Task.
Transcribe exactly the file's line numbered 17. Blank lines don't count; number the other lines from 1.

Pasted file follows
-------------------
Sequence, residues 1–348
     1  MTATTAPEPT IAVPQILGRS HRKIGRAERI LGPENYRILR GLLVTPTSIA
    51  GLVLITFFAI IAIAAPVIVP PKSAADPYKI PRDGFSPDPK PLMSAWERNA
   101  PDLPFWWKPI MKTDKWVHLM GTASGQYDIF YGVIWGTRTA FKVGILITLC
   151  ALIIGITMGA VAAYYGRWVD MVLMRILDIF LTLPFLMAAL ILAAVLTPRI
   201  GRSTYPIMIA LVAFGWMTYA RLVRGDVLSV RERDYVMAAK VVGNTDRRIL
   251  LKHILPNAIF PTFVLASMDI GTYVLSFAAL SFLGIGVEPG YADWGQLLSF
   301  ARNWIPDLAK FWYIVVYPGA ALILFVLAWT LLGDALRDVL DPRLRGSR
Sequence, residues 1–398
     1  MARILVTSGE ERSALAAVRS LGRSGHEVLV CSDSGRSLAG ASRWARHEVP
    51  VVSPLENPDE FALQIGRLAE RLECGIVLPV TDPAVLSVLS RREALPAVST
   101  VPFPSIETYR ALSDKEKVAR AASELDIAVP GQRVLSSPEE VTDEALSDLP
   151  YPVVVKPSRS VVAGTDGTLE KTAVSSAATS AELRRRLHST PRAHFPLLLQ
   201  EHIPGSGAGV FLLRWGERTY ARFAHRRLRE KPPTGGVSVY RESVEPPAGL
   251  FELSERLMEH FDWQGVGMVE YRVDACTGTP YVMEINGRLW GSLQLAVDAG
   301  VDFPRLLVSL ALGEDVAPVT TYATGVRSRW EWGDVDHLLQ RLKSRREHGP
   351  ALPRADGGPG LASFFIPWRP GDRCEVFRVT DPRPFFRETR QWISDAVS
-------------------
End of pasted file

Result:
   351  ALPRADGGPG LASFFIPWRP GDRCEVFRVT DPRPFFRETR QWISDAVS